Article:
Technical Paper

Rib Cage Strain Pattern as a Function of Chest Loading Configuration

Rib fractures are the most frequent types of AIS3+ chest injuries and constitute a good indication of severity. However, the behavior of the rib cage is not well documented, and though chest external measurements are often provided in the literature, the strains of the ribs themselves during a crash remain unknown. In order to address this issue, a test protocol was developed, where the ribs of 8 PMHS were equipped with up to 96 strain gauges. In a first series of 3 tests, the subjects were seated upright and their chests were loaded by a 23.4 kg impactor propelled at 4.3 m/s in 0° (pure frontal), 60° (oblique) and 90° (pure lateral) directions. In a second series of 3 tests, the subjects were loaded by the deployment of an unfolded airbag in the same 3 directions. Finally, a third series of 2 tests was performed with airbags at different distances from the subjects, in a pure lateral direction. This paper presents the results of the tests and an analysis of the strain patterns.
Technical Paper

Relation Between Sacroilium and Other Pelvic Fractures Based on Real-World Automotive Accidents

The study firstly aimed at looking whether sacroilium (SI) fractures could be sustained as unique pelvic injuries in side impact real world automotive accidents. Secondarily, the sacroilium fractures observed in conjunction with other pelvic fractures were analyzed to investigate the existence of injury association patterns. Two real world accident databases were searched for SI fractures. The occupants selected were front car passengers older than 16, involved in side, oblique or frontal impact, with AIS2+ pelvic injuries. In frontal impact, only the belted occupants were selected. The cases were sorted by the principal direction of force (dof) and the type of pelvic injury, namely SI, pubic rami, iliac wing, acetabulum, pubic symphysis, and sacrum injuries. The relation between SI and pubic rami injuries were investigated first. The first database is an accident database composed of cases collected in France by car manufacturers over a period of approximately 40 years.
Technical Paper

Reference PMHS Sled Tests to Assess Submarining of the Small Female

In the last decade, extensive efforts have been made to understand the physics of submarining and its consequences in terms of abdominal injuries. For that purpose, 27 Post Mortem Human Subject (PMHS) tests were performed in well controlled conditions on a sled and response corridors were provided to assess the biofidelity of dummies or human body models. All these efforts were based on the 50th percentile male. In parallel, efforts were initiated to transfer the understanding of submarining and the prediction criteria to the THOR dummies. Both the biofidelity targets and the criteria were scaled down from the 50th percentile male to the 5th percentile THOR female. The objective of this project was to run a set of reference PMHS tests in order to check the biofidelity of the THOR F05 in terms of submarining. Three series of tests were performed on nine PMHS, the first one was designed to avoid submarining, the second and third ones were designed to result in submarining.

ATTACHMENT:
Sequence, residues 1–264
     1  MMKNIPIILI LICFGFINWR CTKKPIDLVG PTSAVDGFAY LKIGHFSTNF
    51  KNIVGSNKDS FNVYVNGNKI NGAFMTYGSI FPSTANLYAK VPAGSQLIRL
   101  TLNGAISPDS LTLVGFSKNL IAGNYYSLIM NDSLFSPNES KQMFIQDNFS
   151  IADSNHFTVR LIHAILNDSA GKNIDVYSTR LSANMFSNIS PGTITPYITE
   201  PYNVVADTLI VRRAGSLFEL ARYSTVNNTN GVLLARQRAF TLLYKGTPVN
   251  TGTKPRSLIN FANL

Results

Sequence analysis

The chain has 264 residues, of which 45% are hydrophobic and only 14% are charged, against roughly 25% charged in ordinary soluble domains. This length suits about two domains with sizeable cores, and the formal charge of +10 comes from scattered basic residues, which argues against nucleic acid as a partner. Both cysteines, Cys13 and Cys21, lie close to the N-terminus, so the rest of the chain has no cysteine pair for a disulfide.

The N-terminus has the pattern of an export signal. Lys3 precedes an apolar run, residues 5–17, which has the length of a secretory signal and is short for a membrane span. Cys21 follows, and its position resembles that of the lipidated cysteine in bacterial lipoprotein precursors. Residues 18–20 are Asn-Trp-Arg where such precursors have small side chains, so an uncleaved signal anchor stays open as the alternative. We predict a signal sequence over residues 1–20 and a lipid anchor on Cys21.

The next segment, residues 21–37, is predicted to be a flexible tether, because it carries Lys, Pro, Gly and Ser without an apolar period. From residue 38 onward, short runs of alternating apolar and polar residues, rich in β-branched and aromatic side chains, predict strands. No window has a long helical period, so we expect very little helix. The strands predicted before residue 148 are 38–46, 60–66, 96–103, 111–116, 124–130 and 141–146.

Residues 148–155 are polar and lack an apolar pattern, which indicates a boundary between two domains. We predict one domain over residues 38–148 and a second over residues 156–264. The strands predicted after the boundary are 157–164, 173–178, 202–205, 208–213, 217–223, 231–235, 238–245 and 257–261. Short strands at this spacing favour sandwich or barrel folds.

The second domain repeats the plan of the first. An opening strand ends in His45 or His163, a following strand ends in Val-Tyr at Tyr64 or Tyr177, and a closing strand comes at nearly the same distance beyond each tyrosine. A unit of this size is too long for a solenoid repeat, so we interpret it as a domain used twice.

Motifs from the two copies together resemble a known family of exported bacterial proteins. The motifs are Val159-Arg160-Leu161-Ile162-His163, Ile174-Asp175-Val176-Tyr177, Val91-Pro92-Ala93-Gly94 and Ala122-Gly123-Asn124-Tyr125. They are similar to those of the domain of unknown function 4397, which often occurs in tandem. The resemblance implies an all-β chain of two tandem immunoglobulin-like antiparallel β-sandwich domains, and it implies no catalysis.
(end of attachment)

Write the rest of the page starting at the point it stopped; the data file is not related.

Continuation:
Technical Paper

Reference PMHS Sled Tests to Assess Submarining

Sled tests focused on pelvis behavior and submarining can be found in the literature. However, they were performed either with rigid seats or with commercial seats. The objective of this study was to get reference tests to assess the submarining ability of dummies in more realistic conditions than on rigid seat, but still in a repeatable and reproducible setup. For this purpose, a semi-rigid seat was developed, which mimics the behavior of real seats, although it is made of rigid plates and springs that are easy to reproduce and simulate with an FE model. In total, eight PMHS sled tests were performed on this semi-rigid seat to get data in two different configurations: first in a front seat configuration that was designed to prevent submarining, then in a rear seat configuration with adjusted spring stiffness to generate submarining. All subjects sustained extensive rib fractures from the shoulder belt loading.
Technical Paper

Proposed Method for Development of Small Female and Midsize Male Thorax Dynamic Response Corridors in Side and Forward Oblique Impact Tests

Despite the increasing knowledge of the thorax mechanics, the effects of inter-individual differences on the mechanical response are difficult to take into account. Several methods are available in the literature to refine the biofidelity corridors or to extrapolate them to other populations (eg: children, small females, large males). Because of the lack of concrete cases, the relevance of the assumptions is rarely investigated. In 2014, Baudrit et al. published data on thorax dynamic responses of small female and midsize male Post Mortem Human Subjects in side and forward oblique impact tests. The impactor mass was 23.4 kg for all the tests and the nominal impact speed was 4.3 m/s. The diameter of the rigid disk was 130 and 152 mm respectively for the small female specimens and for the midsize male specimens. The authors found that the maximum impact force was a function of the total body mass for each loading.